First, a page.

My Wilderness: Gene Harmon

By Gene Harmon

Gene Harmon describes a close-up view of a moose-bear encounter in his essay for "Your Wilderness Stories."


My first morning giving public presentations was pretty uneventful, except for seeing my first bull moose munching on willow along the road on the way out to the Mountain Vista area. We were not yet able to use the cabin due to snow and ice remaining on the approach trail making it too dangerous for the guests. My interpretive coach, Stephan, went along to give input and training as well as giving the cultural presentation on Athabascans.

Snow covered the ground and was quite deep. The tundra and surrounding mountains wore a thick blanket of white. It was cold and I kept moving while awaiting the arrival of the tours, walking back and forth discussing the presentation and asking questions about the cabin.

The mountain, Denali, was partially visible in the distance, its lower slopes hidden by clouds.Driving back toward the employee area near the visitor center, we ran into a moose jam. A cow was walking away from us accompanied by her young calf. The gangly legs of the juvenile reminded me of the long, thin jointed legs of a spider. She meandered down the road obviously in no rush at all.

There was one car in front of us and traffic halted in the other direction, including a tour bus. The moose prodded her calf to the side and traffic passed before she decided to use the center line as a guide again. Stephan inched the Suburban along giving the animal plenty of distance. This was not the first moose I had seen since getting to Alaska, but it was the first I had seen this close, though she was about 40-50 yards away. I was very surprised at her size, easily dwarfing good sized horses back home.

When the cow stepped off the road among the willow, we stopped to watch her and the calf, the latter disappearing among the dwarf birch. A few more tourists stopped for pictures, a tour bus stopped for a few minutes before continuing west, and we kept watching the moose.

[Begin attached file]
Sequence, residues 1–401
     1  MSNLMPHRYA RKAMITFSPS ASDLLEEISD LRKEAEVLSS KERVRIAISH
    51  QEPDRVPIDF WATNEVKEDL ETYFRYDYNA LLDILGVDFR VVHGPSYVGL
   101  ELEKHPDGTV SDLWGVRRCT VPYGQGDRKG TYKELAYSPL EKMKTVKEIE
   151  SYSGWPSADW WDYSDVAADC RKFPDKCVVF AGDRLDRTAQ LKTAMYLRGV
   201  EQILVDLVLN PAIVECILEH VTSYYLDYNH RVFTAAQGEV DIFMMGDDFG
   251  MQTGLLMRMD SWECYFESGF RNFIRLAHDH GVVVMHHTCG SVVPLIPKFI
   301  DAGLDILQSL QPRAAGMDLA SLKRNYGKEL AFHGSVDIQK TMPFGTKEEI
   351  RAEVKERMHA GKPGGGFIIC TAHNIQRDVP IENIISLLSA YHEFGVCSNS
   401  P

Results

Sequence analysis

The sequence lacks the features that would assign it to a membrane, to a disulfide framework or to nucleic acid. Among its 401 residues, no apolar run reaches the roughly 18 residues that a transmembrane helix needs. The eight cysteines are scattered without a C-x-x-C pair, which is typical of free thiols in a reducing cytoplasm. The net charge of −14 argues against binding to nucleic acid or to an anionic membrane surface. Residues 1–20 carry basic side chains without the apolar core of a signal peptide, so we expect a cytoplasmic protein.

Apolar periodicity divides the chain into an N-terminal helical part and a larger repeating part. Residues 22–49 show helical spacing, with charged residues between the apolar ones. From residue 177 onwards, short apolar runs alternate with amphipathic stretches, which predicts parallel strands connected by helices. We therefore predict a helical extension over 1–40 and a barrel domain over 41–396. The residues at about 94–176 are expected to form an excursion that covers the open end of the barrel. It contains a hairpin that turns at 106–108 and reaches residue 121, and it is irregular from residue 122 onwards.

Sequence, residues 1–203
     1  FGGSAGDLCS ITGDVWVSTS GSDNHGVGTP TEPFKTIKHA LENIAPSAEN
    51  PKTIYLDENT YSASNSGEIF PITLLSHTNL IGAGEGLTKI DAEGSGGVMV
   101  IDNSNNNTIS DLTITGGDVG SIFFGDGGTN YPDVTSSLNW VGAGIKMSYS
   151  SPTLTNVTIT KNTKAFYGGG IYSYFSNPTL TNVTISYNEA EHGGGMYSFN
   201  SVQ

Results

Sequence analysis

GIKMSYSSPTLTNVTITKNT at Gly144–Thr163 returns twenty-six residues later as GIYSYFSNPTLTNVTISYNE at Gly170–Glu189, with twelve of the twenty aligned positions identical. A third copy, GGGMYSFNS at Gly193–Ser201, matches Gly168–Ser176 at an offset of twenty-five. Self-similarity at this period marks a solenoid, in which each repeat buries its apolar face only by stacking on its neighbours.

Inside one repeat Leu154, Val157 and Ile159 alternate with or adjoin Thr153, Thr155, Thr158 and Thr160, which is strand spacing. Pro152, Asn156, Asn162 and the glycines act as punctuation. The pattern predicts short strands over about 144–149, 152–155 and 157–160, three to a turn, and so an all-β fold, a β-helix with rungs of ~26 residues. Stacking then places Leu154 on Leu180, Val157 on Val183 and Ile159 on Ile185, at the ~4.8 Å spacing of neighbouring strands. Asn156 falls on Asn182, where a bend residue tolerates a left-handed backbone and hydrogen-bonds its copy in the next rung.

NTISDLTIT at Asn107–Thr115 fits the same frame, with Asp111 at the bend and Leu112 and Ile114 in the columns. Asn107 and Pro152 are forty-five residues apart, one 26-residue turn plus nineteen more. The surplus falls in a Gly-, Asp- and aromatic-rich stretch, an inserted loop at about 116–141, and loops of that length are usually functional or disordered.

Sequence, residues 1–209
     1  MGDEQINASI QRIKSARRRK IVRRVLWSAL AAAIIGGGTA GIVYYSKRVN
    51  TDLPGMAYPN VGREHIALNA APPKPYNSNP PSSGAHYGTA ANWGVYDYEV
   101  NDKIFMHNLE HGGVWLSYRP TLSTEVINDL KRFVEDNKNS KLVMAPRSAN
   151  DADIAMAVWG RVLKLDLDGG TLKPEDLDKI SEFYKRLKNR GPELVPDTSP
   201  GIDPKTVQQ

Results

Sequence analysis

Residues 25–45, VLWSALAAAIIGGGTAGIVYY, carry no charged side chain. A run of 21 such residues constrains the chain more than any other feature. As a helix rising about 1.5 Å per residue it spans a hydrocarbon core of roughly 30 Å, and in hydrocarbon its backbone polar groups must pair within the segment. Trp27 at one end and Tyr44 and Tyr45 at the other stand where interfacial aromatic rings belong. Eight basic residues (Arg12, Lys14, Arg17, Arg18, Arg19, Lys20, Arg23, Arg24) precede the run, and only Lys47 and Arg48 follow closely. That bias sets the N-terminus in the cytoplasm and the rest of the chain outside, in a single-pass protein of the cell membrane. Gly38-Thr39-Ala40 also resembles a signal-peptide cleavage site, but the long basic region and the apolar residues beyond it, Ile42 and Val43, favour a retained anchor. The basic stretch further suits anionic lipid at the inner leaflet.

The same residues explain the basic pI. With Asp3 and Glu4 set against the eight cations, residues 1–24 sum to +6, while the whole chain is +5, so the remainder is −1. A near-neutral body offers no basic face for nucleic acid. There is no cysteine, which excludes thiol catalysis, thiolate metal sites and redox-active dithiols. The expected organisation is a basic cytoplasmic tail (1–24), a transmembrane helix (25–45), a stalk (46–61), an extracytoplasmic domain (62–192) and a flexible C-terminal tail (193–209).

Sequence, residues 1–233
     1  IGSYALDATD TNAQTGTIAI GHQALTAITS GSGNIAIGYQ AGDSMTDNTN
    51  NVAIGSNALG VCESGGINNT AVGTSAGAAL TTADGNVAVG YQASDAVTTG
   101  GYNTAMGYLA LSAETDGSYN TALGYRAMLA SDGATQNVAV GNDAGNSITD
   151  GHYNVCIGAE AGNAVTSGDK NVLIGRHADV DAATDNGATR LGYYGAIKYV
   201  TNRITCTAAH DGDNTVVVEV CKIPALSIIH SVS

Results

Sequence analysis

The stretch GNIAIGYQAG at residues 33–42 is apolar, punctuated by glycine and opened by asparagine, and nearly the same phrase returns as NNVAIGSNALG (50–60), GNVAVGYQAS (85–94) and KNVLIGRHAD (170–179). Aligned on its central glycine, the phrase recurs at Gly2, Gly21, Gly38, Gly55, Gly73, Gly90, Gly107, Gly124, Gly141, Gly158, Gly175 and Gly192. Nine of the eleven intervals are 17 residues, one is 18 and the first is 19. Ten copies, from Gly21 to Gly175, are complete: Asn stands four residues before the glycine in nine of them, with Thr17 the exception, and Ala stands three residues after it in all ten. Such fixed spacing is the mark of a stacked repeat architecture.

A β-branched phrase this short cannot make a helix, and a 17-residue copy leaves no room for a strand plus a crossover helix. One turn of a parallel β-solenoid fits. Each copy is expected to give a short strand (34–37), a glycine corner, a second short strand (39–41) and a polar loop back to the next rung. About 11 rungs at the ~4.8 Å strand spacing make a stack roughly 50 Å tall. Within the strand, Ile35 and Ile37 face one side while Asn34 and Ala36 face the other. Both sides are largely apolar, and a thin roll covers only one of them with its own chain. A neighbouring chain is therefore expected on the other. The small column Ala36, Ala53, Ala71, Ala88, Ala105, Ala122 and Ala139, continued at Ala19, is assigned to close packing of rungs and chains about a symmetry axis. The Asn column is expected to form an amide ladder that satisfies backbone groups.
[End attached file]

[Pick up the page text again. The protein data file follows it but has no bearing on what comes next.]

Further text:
“There’s a bear on the road.”

Startled by Stephan’s words, I immediately looked ahead of us.

“Behind, on the road.” His gaze was on the rearview mirror.

Turning, I saw a grizzly meandering up the middle of the road in a haphazard fashion about 100 yards behind us. I laughingly thought of him as being intoxicated and then realized the reason for this.

He was following the scent of the moose and her calf with his nose to the pavement or waving back and forth slightly off the ground. More cars stopped to get pictures of the bear, the presence of the moose no longer noticed as she continued deeper into the tundra. Another bus stopped, allowing its occupants to get some close photographs of the bear before driving on.

It was not the dark brown or red-cinnamon color usually stereotyped as being the consistent coloration of grizzlies in the lower 48 or catching salmon down along the Kenai or near Kodiak. Few realize color is the least thing the grizzlies have in common with each other. It has more to do with the shape of the head, ears and especially shoulders. This male’s powerful muscles flexed under his blonde fur with the characteristic shoulder hump clearly discernible. His dark undercoat was barely visible and the size was different from what I expected.